I am planting an altared space this year and I’d love to have your help. I have a brown thumb, so I need lots of support. In this garden, along with planting the traditional things that grow, I’m collecting treasures that tell stories. I’d love to have a symbol of your altared space in my garden.
I’m planting a rawhide chewy in my garden in honor of my dog who expands my heart and teaches me to relax.
Yesterday I took Ode Yedder to town with me. I hadn’t done that in a long time and it felt delicious for the absence. We’ve had another dog visiting and the rhythm in our home has been more commotion than calm. But Yedder sat in the passenger seat and laid her head in my lap while I stroked her soft ear.
My blood pressure dropped ten percent. I felt it descend degree by degree.
We both got our blood drawn, she at the vet, me at the hospital. I patted her and she licked my cheek. Then we went to the pet store.
I love running all kinds of errands with my dog because she is patiently waiting there when I emerge from each store, eager to see if I have a cookie treat, or lazily yawning after her nap in the sun. I adore her company.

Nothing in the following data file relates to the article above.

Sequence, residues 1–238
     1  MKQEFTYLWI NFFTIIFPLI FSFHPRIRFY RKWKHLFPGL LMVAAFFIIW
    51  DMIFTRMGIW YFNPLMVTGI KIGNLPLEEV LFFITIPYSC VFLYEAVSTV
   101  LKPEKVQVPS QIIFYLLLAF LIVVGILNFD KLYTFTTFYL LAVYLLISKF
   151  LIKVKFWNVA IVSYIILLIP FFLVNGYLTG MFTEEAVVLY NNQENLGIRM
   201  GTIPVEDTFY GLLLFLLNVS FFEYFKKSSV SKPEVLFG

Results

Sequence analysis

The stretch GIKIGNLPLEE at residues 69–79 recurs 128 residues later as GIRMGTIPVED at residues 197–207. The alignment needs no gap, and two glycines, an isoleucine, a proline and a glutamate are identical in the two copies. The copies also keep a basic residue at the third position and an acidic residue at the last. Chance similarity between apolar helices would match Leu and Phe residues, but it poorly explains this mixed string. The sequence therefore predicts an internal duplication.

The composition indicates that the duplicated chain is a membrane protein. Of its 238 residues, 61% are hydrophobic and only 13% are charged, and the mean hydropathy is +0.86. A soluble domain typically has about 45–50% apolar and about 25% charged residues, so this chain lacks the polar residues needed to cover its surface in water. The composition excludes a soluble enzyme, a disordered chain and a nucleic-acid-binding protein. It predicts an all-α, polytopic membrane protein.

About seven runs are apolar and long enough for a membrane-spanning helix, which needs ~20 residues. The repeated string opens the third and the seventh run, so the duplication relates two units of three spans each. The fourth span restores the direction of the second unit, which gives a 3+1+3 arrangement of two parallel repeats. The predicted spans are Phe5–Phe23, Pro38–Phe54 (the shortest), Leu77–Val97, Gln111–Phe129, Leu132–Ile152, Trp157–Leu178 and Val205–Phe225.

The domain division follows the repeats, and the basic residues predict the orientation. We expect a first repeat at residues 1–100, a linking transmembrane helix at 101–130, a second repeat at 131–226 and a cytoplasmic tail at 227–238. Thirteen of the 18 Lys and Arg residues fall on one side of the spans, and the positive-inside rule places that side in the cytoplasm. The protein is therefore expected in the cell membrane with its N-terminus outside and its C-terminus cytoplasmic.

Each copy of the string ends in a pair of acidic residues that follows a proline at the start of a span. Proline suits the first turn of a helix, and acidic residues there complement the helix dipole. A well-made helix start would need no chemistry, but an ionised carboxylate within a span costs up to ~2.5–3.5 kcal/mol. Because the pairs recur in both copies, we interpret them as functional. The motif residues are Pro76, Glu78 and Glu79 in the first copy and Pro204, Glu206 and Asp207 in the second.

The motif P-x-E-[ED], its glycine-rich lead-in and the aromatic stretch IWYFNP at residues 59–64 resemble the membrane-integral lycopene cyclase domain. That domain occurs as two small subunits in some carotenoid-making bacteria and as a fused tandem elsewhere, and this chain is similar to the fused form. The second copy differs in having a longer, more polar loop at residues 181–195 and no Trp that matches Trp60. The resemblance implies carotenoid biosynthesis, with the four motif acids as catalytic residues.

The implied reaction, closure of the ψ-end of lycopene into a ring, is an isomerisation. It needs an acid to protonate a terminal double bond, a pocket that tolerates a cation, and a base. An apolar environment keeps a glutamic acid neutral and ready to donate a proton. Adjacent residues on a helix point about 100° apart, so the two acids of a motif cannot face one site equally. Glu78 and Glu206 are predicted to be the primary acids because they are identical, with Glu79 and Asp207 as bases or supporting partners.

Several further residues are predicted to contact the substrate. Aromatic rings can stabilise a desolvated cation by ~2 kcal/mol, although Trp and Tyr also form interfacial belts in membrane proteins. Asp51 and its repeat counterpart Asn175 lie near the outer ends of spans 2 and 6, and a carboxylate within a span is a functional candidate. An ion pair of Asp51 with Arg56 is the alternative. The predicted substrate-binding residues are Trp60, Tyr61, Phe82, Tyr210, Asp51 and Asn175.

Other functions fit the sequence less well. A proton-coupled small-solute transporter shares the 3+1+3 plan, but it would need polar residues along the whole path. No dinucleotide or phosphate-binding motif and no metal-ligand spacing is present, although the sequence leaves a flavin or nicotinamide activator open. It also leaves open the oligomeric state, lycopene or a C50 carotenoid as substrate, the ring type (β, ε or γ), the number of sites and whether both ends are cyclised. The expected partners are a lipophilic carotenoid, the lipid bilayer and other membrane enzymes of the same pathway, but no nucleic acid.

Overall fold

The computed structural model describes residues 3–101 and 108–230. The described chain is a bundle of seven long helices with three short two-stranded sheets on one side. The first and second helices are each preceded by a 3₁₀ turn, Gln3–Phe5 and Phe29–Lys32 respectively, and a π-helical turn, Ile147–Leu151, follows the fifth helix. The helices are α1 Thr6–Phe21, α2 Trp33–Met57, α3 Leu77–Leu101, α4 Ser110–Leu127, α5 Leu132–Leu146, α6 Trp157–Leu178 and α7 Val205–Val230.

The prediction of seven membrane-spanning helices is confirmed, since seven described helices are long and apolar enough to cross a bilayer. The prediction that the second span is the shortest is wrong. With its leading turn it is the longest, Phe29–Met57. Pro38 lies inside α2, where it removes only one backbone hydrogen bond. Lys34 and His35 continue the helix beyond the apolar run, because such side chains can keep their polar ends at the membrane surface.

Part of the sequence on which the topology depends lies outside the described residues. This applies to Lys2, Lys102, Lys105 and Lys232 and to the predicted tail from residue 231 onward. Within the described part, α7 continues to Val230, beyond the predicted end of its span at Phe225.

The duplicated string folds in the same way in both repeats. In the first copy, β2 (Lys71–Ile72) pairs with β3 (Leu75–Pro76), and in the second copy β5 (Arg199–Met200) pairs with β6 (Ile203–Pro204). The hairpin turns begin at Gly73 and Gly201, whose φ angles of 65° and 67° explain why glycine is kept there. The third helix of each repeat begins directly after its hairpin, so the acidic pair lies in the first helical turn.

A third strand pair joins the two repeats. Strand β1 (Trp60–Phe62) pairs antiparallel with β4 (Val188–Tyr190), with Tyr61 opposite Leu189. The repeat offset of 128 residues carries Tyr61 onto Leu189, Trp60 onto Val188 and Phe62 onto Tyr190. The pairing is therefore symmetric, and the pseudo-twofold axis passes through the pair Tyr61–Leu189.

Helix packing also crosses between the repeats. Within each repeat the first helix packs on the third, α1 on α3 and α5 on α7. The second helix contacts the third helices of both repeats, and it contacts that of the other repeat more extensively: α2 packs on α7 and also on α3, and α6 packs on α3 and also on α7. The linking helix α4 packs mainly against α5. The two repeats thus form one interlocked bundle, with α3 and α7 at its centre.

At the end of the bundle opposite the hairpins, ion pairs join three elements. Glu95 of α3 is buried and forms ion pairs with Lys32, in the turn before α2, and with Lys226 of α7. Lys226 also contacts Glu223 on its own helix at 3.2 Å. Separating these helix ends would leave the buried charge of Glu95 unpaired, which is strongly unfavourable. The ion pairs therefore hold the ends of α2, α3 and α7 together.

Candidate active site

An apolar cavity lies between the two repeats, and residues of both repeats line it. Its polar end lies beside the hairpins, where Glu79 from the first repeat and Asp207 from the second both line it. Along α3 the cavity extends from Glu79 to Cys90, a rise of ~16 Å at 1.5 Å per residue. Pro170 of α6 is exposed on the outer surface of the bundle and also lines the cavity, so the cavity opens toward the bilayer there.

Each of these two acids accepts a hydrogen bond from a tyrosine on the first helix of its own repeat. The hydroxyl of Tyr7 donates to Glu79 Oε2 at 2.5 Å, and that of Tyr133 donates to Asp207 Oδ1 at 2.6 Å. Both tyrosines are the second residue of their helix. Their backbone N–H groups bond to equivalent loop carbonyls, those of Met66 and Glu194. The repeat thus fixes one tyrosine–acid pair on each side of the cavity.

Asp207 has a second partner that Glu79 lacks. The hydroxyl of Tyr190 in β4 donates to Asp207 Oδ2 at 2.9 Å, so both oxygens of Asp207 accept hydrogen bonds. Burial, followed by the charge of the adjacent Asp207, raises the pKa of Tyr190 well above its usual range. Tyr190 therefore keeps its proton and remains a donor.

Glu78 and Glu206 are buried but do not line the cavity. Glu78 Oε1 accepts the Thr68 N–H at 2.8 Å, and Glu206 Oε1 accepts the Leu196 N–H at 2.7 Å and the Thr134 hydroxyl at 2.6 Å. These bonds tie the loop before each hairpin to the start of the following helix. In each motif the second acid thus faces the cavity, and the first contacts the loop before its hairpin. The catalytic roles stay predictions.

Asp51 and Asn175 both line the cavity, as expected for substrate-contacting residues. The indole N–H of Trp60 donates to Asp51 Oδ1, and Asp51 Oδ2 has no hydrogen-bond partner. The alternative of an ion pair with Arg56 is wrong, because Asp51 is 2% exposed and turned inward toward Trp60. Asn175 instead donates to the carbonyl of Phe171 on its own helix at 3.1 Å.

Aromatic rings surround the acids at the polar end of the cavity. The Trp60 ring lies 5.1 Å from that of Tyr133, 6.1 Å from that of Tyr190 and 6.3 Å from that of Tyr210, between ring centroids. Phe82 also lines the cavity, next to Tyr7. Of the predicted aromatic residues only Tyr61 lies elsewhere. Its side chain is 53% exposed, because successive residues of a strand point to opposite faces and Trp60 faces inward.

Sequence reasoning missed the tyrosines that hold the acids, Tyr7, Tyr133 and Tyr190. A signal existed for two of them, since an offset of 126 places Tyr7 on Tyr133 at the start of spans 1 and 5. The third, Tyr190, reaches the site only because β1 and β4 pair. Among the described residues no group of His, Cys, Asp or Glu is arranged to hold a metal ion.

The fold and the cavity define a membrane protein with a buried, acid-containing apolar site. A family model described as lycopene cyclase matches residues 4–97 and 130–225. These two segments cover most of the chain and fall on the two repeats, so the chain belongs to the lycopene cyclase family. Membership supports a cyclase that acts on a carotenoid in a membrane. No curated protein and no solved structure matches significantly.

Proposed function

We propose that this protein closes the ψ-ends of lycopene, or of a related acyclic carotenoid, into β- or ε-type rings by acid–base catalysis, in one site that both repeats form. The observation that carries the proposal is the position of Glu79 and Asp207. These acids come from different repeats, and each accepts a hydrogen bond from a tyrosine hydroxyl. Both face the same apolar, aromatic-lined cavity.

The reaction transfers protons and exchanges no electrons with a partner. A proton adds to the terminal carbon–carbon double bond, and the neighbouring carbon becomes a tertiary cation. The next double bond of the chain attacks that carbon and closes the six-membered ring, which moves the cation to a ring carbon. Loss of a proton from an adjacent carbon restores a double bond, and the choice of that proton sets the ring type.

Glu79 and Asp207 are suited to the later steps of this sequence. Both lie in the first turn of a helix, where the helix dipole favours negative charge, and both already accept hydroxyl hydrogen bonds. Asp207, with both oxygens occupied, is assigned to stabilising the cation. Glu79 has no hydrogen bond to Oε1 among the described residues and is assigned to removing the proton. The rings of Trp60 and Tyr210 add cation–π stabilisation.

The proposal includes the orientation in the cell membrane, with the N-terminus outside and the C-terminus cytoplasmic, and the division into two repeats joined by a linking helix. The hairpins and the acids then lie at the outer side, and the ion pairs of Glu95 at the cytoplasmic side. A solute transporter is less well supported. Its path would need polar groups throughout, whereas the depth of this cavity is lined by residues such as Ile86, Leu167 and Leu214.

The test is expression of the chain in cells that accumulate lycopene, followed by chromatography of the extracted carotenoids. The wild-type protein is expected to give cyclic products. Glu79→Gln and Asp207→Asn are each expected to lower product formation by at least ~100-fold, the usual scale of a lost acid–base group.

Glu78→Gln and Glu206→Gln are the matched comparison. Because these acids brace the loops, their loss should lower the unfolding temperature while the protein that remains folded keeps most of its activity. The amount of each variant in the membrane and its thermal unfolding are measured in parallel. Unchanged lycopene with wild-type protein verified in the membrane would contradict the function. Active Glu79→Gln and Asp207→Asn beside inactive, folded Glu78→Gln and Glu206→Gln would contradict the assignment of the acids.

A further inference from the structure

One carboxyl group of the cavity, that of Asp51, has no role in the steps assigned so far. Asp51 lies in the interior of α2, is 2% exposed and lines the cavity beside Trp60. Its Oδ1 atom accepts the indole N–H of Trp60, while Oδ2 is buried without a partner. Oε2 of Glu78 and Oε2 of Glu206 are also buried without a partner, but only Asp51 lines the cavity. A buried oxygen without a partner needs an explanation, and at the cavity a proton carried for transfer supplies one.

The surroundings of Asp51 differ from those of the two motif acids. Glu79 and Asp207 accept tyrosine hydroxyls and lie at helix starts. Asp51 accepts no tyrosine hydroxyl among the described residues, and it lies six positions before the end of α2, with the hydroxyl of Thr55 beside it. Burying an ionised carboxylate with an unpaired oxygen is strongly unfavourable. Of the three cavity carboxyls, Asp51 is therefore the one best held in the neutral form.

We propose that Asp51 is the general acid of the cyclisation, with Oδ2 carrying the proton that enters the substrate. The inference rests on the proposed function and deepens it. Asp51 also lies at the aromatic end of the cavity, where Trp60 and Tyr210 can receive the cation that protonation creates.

But nothing beats the pet store because she is allowed to come inside. She loves this. We went to the aisle with the bones. There we met a woman pondering which bone to purchase when she commented on my dog’s one blue eye. Everyone comments on Yedder’s one blue eye. It’s the conversation starter.
“We got her at the Humane Society,” I typically say, “The blue eye was part of her pound surprise package; along with all the surgery she would later need.” I often leave off this last part. Today I felt vulnerable.
“I love my dog so much it hurts,” said this woman picking out a bone. That described how I felt about my dog perfectly. There is an ache in my heart where that love lives. I don’t understand it, but it often does feel like hurt; a hurt I would never give up.
We talked about the variety of maladies our dogs have had and how, because of those, it has opened us, carving our hearts with precision and clarity. We love more sharply. We are more intuitive. We can hear words that aren’t spoken.
This dog who lays her head in my lap has taught me so much about being human because I’ve had to learn to listen to her hurts that have no words. I’ve listened to my deepest humanity; the kind that connects to a dog who speaks with her eyes and lays her soft ear in my lap.
Is your heart similarly saddled with love that carves? I’m collecting pictures of dogs and other animals that help people understand who they are. Please send me a photo of the one you love. Whether living with you now, or long ago, I’d enjoy hearing about how the creature in your life speaks to you.
photo by Haley Kay